Lou Gehrig's Disease - Motor Neuron Disease - Amyotrophic Lateral Sclerosis
Thought it had been cured by now? Still no known cause. Still no cure. Still quickly fatal. Still outrageous.

Thursday, June 11, 2009

These Chicagoans Understand ALS Advocacy

Following letter was published in the Chicago Sun Times, and the Executive Director of Les Turner's knew how to amplify the message. Important information was spread in a great and big American city! Here's hoping that the Obamas read their home-town paper today.,CST-EDT-vox11.article

June 11, 2009
How much is a human life worth? According to the United States government, mine is not valued very highly.
In 2003, I began experiencing symptoms later diagnosed as amyotrophic lateral sclerosis, widely known as Lou Gehrig's disease. ALS is a progressive neuromuscular disorder that weakens and destroys motor neurons, causing paralysis and death. There is no cure or effective treatment. In the 150 years that we have known about ALS, science has unveiled few answers as to its cause or progression.
About 35,000 people in the U.S. live with ALS at any given time, including an alarming number of recent veterans. As ALS is relatively rare, I was disappointed but not surprised to find pharmaceutical companies uninterested in funding research, but was shocked how government supports ALS research compared with other conditions.
I found the National Institutes of Health spends billions of dollars for research -- the vast majority targeting preventable, treatable and non-life threatening diseases. The sample below provides perspective on how much money the NIH was willing to spend in 2008 to prevent each death from these diseases: HIV/AIDS, $198,263; substance abuse, $162,353; sexually transmitted diseases, $40,833; ALS, $7,167.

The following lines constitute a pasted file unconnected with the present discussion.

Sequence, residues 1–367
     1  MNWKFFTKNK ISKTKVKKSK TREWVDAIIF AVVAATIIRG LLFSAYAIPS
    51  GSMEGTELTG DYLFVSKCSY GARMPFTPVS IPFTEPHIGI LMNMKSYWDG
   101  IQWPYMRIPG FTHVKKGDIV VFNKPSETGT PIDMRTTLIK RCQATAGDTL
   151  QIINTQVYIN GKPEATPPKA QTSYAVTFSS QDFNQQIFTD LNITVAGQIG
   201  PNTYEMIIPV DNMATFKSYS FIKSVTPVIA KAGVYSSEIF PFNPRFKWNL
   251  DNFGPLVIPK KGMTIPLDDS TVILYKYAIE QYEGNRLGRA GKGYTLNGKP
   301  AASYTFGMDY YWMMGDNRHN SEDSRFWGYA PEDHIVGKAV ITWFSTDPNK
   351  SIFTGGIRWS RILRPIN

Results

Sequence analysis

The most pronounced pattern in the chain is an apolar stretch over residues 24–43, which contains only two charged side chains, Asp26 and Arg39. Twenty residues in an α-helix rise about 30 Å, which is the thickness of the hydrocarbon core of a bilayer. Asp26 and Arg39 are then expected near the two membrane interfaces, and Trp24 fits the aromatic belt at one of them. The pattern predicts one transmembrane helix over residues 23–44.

I shared my statistical analysis with U.S. Rep. Bill Foster (D-Ill.). He was impressed by the manner in which these statistics highlight inequities in NIH grant allocations and believes hard statistics help legislators make good decisions about how and where to direct federal funding.
Don't misunderstand me. The targets of NIH research dollars are deserving. However, I believe government's main role in health research should focus on basic research and on areas deemed unprofitable by private industry.
July 4 marks the 70th anniversary of Lou Gehrig's famous "Luckiest Man" speech, and many ALS awareness activities are planned to commemorate this occasion. Please help raise awareness of ALS by sharing this information with elected federal officials and the secretary of Health and Human Services.
Steven Heronemus, Batavia


wendy abrams wrote:
On behalf of all people with ALS both past and present, I want to thank Steve Heronemus for putting the facts before the public eye. ALS was discovered in 1869 by Charcot, long before Lou Gehrig, and still today ALS research is below the radar.Steve knows only to well, the difficulties of living with ALS and we appreciate his personal help both on the national and local fronts, as Steve recently went to Sprinfield with us to talk to the General Assembly members about the need for outreach services for people with ALS.The Les Turner ALS Foundation in Chicago is the local leader in both ALS Research and patient care, partnering with Northwestern on both fronts, but ALS researchers need more funds from the NIH to truly attack this disease.5,600 hundred American's will be diagnosed in 2009 and the same number will die, 35,000 American's live with ALS every year- this has to stop. Contact your Senators now and encourage them as they prepare the NIH Budget, to increase funding for ALS research before more people are diagnosed or die.
Wendy Abrams
Executive Director
Les Turner ALS Foundation

1 comment:

  1. correction, Charcot discovered ALS in 1869.
    Sorry for the typo.